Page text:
Hospitals in St. Louis and the Metro East have higher vacancy rates than the rest of the state, with 18 percent of registered-nurse positions in the region unfilled in 2017.
Schools apply to the state board for permission to add school seats. More than half of the 250 new positions were approved for Cox College of Nursing locations in Springfield, Branson and Monett in southwest Missouri.
St. Louis Community College, Missouri State University, the University of Missouri – Columbia and State Fair Community College also plan to add approximately 25 seats each.
Lack of space in nursing programs is just one reason behind the profession’s high vacancy rates, experts say. Nurses are at risk of burnout from working long hours in stressful conditions. As baby boomers age out of the workforce, more nurses are needed to fill the spots they left behind. Additionally, that aging population means more nurses are needed as boomers require more medical care.
Adding more nurses to the workforce could help ease stress on existing workers, too, Williams said.
“Not only does that help the bedside nurse and gets more people into that role, it releases those demands on them, because there are more people working in that career,” she said.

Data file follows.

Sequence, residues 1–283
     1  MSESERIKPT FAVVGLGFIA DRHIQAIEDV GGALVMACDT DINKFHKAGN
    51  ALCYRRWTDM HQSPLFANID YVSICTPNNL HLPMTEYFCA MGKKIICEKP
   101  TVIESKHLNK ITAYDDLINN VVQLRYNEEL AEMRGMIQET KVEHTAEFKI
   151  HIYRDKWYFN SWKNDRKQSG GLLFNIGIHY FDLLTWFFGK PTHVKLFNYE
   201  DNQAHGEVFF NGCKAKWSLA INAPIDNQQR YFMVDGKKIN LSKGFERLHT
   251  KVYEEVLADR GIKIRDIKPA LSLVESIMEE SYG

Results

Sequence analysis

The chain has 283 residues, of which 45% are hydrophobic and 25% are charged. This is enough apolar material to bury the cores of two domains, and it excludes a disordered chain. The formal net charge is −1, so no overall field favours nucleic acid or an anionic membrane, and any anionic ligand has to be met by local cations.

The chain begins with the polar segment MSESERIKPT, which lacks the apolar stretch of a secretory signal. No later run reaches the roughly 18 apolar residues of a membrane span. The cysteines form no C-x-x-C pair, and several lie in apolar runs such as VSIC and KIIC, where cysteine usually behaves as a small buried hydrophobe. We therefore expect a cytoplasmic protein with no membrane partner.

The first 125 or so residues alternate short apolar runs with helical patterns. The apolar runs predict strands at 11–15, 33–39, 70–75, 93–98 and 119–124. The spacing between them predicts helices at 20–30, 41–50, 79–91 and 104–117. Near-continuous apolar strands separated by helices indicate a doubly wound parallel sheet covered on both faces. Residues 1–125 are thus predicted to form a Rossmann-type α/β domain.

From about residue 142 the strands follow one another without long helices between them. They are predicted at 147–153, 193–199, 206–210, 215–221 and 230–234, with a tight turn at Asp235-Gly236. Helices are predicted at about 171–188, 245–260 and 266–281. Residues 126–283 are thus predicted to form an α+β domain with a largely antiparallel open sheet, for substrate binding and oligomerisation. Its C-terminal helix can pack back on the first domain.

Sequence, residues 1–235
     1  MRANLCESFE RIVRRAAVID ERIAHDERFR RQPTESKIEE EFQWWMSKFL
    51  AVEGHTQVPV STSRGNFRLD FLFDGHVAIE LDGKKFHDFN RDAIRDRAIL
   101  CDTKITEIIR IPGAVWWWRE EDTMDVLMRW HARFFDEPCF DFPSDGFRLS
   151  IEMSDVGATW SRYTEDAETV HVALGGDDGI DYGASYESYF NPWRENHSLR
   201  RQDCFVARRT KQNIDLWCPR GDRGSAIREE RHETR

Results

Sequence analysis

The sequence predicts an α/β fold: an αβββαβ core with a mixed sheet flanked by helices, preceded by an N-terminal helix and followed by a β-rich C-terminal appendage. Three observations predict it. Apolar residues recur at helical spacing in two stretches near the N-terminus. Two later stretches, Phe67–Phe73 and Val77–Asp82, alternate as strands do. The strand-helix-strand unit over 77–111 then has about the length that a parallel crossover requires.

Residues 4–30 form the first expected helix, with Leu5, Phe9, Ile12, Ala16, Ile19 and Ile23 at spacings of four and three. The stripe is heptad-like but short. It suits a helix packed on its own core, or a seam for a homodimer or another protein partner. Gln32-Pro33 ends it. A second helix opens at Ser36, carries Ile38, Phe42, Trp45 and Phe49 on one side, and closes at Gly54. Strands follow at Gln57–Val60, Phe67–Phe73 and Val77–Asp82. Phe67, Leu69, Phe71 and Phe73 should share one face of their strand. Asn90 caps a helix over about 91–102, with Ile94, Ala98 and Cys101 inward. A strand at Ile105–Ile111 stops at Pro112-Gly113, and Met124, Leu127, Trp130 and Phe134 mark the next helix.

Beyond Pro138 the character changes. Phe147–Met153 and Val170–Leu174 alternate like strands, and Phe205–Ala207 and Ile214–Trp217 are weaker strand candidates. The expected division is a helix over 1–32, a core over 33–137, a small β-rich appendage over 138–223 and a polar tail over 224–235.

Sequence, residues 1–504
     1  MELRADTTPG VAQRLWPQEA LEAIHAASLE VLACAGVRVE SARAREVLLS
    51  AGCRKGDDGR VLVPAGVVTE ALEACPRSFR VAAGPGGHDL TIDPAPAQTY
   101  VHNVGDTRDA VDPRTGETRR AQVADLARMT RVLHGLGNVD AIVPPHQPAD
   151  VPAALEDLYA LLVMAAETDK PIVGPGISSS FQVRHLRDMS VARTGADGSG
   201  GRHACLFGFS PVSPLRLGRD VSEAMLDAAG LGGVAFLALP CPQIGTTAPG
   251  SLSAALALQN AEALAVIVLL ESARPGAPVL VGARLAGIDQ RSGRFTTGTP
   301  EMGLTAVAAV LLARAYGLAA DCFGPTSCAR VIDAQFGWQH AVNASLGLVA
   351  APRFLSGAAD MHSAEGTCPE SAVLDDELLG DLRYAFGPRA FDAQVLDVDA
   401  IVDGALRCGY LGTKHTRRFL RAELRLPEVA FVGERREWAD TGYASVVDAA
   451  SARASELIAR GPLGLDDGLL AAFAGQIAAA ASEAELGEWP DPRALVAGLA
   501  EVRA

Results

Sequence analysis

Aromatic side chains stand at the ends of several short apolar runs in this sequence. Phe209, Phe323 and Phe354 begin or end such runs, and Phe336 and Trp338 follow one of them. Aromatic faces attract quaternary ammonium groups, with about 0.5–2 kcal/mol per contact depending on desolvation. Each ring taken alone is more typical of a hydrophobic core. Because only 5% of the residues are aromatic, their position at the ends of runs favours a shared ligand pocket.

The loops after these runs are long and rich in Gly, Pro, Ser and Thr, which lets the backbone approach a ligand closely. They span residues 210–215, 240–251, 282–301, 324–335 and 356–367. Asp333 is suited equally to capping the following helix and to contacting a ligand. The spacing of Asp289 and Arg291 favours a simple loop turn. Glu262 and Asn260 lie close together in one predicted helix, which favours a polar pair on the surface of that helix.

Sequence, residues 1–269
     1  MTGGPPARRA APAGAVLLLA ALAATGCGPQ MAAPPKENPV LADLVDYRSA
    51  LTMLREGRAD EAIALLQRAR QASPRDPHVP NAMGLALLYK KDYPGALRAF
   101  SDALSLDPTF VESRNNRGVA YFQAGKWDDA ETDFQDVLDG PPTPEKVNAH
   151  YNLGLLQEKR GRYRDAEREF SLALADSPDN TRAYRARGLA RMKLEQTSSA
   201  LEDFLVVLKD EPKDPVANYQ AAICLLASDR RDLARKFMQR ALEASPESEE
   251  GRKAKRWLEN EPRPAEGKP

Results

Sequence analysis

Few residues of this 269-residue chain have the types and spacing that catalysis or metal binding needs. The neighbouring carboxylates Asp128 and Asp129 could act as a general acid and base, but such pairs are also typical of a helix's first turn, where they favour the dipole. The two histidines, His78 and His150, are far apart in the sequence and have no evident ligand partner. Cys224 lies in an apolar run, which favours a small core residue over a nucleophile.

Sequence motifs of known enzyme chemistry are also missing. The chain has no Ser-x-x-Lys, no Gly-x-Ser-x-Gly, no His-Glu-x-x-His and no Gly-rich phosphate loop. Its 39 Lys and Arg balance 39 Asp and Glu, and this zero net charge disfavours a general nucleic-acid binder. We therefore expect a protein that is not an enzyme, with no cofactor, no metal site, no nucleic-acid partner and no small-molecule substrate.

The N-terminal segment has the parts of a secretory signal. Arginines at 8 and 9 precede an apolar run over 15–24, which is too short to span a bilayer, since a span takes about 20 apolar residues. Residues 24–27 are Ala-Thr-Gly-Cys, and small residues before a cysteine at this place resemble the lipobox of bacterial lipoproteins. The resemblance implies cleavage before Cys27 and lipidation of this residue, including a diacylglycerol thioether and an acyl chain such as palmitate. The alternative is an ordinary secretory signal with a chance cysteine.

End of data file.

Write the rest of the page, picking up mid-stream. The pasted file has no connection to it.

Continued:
More qualified nurses would also allow more experienced nurses to earn graduate degrees and become eligible to teach. Williams said it’s hard for schools to find qualified instructors. Many times, nurses with that level of experience can make much more working in the private sector.
Our Nurses of the Week are a group of 126 neonatal intensive care unit (NICU) nurses at Mercy Children’s Hospital St. Louis in Missouri who pooled their money to buy a lottery ticket. Their story went viral last week when they won $10,000 and instead of each being about $50 richer, decided to use the money to help other Mercy coworkers who’d fallen on difficult times.
These nurses had no idea how much of an impact their purchase would make, but they knew they needed to do something generous with their winnings. They decided to present two checks to nurse Gretchen Post and neonatologist Dr. Casey Orellana. Post’s son died by suicide the month prior and Orellana’s husband was recently diagnosed with stage 4 sarcoma cancer.
Playing the lottery is a fun tradition for these nurses whose work can often be stressful. As last month’s jackpot grew to $1.6 billion, Stephanie Brinkman, the lottery pool organizer, stayed up late to watch the results come in. Soon her phone was lighting up with calls and messages from her colleagues. They had a winning ticket.